Richard Dawkins used to be a scientist. Now he's a nattering fuckwit.

(Hat tip: Chris Wren.)
Possible Men in Black encounter?

UFO files reveal East Lancs encounter

The 38-year-old's frightening experience came as she drove with her mother from Southport to Manchester, past Wigan. She said her progress was slowed "almost to a standstill," by a 1930s style car being driven be a "tall, stocky" man wearing a "strange German type hat."

"Tall" and "stocky"? Hmmm.

She explains: "To my horror, above my car was an unusually shaped craft of some kind, about 30 feet above us."
New original photos right this way.
We now pause for this important message from our sponsors.

Today's featured artist is "Internal Astronaut." There's a lot to like here (including what appears to be the Klingon-esque font made famous by the "CARET" documents).
"It is a Chinese box, and you're not going to allowed to see. OK? So just get that clear."

Personally, I quite like the opening credits to "Blade Runner." But if the original's white-on-black minimalism doesn't strike you, you could do worse than this serviceable (if unofficial) redux:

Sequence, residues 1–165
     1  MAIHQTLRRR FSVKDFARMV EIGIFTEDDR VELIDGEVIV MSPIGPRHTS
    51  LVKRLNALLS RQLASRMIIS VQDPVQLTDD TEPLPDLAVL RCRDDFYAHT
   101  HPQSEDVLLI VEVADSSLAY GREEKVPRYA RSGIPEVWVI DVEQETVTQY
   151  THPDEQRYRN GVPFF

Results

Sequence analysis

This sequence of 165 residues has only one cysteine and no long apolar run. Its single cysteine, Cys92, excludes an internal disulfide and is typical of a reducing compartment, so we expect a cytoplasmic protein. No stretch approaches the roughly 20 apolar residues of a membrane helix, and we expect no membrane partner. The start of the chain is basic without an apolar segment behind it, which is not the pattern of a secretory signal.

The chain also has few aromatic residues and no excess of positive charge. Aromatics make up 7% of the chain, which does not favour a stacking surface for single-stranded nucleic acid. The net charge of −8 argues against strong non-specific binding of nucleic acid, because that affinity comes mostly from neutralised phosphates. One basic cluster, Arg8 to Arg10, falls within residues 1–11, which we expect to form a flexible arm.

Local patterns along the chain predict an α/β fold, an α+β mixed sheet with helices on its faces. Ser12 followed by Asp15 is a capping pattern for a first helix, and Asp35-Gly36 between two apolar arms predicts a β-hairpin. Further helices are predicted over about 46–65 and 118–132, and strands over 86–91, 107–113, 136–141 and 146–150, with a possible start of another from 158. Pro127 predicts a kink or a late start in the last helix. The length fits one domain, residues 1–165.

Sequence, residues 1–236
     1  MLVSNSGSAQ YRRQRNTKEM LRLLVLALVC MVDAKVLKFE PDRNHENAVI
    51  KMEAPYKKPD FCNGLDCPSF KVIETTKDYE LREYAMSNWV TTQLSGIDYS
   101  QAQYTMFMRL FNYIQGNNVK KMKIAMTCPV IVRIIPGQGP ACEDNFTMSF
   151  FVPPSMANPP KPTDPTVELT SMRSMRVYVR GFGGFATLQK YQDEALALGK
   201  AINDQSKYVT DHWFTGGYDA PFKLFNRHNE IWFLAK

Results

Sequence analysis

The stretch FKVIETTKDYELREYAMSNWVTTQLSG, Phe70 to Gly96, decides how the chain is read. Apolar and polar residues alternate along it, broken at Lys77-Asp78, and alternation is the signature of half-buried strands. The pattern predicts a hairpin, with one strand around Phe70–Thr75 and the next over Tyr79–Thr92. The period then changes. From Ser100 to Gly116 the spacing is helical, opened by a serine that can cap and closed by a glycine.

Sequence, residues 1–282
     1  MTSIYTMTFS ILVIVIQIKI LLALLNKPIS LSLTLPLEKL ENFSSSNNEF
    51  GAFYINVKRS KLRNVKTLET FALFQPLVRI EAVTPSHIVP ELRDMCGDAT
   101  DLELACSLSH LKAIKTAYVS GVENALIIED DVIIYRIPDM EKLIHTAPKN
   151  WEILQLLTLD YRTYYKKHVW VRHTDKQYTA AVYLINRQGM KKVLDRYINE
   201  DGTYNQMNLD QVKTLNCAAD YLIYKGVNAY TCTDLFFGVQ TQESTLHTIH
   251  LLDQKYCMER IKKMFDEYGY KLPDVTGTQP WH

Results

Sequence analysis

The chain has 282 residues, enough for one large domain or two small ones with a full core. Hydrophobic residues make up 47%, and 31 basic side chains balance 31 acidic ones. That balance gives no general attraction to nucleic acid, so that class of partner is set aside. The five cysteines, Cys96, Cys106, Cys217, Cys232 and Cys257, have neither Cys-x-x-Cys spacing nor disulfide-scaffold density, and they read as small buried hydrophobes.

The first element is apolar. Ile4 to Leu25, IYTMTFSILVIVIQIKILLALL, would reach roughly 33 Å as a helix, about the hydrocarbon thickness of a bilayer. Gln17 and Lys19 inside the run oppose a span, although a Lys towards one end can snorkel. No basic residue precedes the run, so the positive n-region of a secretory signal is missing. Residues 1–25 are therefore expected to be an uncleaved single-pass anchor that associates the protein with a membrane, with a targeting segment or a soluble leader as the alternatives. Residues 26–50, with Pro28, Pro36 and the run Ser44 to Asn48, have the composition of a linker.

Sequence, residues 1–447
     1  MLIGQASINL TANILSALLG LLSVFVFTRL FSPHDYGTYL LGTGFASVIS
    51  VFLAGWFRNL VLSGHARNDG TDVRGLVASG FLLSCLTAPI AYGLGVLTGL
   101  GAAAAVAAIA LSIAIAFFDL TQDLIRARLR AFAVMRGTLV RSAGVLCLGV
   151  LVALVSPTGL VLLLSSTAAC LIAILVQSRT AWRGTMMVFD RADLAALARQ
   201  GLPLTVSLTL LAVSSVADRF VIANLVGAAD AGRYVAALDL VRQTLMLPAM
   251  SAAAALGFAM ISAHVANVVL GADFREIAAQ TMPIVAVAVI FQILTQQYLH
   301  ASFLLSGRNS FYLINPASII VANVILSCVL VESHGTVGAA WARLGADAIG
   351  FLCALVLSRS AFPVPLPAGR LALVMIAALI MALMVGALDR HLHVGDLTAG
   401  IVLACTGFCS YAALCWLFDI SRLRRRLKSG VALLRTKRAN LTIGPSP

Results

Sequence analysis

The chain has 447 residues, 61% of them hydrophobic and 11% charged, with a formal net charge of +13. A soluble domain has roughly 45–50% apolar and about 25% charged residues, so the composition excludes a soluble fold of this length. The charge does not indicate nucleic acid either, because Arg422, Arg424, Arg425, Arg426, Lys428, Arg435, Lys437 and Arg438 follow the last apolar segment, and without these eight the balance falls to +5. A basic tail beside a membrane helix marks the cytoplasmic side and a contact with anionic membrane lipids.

Yet more difficulty on the way (back) to the Moon and Mars:

More Ares I Development Problems: Is it Really That Bad?

Tuesday, October 28, 2008

Virtual worlds set for second coming

A couple years ago, big names in tech and business were rushing to capitalise on Second Life's popularity by building 'islands' and headquarters in the virtual world - or using it to sell products in a novel way.

But since that initial rush, things have quietened down. Media coverage of virtual worlds has subsided and some early adopters have abandoned their virtual activities after failing to reap benefits from the medium.

So are virtual worlds dead?


Ghostbusters: Are military bases haunted?

Military bases appear to be a popular haunt for wandering spirits, with several attracting the attention of ghost hunters seeking evidence of paranormal activity.

(Via The Anomalist.)

As a unapologetic Fortean, I must admit that I'm bothered by the above article's inclusion in Scientific American -- not because of the subject, but because of the conspicuous lack of journalistic follow-up. For example, there's a potentially interesting reference to batteries discharging faster than usual in areas believed to be "haunted," yet we're given no real reason to accept the claim as anything but the opinion of committed ghost-hunters.